The National Transport and Safety Authority wants SWVL to stop operations in Nairobi. They have also called for the prosecution of CEO Mostafa Kandil for what they call illegal operations. The Authority has gone ahead and written to the Inspector General of Police on the matter.

NTSA has one argument against SWVL: the company has not been licensed by either the agency or by City Hall to ply the routes it is operating in.

This means NTSA is treating SWVL like all other Matatu operators. Which means they need to seek approval to use certain routes as Matatus are never allowed to ply all routes.

This argument however makes no sense for normal SWVL users like myself. Because of a couple of reasons:

  1. SWVL doesn’t operate like normal matatus. They don’t have conductors, and they don’t stop on all stages.
  2. The Authority wanted SWVL to acquire proper PSV licences to work in the city, which they have.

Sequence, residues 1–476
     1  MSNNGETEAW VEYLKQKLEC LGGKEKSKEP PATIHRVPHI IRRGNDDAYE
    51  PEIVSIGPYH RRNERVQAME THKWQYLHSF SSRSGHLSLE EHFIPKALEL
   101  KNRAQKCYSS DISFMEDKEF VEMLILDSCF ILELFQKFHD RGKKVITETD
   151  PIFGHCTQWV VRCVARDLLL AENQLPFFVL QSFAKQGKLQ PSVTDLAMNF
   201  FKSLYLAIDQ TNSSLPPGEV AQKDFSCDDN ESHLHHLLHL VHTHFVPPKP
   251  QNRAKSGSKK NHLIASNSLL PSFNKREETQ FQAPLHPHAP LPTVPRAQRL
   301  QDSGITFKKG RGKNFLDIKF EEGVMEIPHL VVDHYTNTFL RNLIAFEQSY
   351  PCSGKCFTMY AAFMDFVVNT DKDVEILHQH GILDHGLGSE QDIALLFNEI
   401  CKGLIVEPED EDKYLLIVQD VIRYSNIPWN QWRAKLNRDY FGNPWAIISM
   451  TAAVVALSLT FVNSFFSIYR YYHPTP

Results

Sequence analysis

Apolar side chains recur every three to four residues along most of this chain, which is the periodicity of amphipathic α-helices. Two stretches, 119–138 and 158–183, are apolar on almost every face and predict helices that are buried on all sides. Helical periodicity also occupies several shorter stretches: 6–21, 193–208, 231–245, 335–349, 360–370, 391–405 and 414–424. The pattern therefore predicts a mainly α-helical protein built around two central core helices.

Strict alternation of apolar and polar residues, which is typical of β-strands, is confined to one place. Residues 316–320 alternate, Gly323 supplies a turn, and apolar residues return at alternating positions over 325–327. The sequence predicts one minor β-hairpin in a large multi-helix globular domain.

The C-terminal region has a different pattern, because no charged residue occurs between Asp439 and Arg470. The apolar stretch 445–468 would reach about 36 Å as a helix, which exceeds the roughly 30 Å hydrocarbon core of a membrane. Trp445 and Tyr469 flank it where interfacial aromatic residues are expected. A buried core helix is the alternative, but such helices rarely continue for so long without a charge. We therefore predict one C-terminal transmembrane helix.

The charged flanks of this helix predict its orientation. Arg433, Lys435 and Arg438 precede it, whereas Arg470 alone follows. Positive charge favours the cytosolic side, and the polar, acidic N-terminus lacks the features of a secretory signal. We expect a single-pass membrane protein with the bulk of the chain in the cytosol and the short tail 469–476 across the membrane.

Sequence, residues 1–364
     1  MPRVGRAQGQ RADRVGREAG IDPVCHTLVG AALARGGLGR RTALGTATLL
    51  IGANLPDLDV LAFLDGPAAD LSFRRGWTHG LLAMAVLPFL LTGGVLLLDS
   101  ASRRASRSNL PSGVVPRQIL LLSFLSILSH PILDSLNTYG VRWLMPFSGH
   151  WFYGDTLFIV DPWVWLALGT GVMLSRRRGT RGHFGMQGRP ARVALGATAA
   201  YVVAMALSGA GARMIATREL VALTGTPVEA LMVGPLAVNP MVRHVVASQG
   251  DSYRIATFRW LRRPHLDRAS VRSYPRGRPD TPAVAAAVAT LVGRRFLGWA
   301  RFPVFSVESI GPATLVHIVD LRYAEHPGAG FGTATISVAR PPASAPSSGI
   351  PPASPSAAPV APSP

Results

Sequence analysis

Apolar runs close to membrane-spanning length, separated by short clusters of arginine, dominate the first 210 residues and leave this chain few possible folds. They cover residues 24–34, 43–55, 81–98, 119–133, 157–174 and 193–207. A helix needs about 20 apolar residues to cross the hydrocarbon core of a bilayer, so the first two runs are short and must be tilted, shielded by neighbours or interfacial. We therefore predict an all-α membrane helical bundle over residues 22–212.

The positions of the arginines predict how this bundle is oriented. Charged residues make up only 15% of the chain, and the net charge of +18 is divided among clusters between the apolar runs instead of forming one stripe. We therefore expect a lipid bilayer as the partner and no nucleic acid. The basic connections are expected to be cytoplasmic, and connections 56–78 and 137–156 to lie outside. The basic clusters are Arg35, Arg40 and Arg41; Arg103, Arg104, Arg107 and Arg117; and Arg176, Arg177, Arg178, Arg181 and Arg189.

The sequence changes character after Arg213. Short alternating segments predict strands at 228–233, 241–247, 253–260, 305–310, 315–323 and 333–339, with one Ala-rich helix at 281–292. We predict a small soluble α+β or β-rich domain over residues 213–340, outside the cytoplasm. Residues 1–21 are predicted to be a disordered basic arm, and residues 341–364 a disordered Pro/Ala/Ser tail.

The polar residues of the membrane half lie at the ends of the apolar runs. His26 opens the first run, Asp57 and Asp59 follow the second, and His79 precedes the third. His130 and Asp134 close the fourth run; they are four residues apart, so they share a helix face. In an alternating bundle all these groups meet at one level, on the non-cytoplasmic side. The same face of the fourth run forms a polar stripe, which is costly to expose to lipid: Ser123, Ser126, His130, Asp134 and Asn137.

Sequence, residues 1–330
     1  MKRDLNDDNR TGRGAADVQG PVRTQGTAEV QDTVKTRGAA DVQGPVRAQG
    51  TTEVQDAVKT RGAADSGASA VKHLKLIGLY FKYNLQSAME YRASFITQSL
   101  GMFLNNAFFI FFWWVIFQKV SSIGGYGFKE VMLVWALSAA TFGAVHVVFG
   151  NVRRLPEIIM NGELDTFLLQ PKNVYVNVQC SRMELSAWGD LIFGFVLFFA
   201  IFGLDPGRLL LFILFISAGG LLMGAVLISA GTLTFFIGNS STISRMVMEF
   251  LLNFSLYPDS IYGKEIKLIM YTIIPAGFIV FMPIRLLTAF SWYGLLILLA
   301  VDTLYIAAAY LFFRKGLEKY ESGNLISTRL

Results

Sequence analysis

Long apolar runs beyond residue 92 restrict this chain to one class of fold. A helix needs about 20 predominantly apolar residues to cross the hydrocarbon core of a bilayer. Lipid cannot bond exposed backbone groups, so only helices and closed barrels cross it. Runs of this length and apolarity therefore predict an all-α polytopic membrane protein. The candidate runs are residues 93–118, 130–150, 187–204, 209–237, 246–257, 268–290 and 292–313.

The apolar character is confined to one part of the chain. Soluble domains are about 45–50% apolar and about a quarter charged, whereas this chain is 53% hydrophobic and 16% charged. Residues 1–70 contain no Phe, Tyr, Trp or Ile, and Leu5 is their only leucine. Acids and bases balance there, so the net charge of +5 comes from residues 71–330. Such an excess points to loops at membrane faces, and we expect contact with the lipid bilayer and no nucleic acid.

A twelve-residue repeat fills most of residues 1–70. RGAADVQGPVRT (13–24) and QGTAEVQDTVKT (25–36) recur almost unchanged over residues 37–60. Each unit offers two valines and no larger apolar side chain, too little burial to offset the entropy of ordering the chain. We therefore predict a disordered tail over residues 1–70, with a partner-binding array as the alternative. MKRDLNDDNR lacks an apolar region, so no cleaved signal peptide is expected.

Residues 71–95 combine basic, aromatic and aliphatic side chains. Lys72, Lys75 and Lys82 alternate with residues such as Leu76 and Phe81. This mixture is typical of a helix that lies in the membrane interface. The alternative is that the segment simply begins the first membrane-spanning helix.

3. Ubers, and other taxi companies also have PSV licences and can ply whichever routes they want to.

The problem though is that SWVL after the first NTSA wrangles on PSV licences, went ahead and brought on board very many 14 seater matatus and buses from existing Matatu saccos. This has made them indistinguishable from normal matatus on the roads. Which one could argue should force them to operate like normal matatus.

NTSA – if they are to be seen as a forward thinking authority – should not however force a remarkable idea to die because of old school policies. SWVL should be categorised differently from normal matatus, and allowed to ply all routes as Ubers and other Taxi apps are allowed provided they follow certain regulations that can be set as time goes by. If we are to find ways to make Nairobi better, and less congested, then we shouldn’t fight ideas that are helping solve the problems we currently face.

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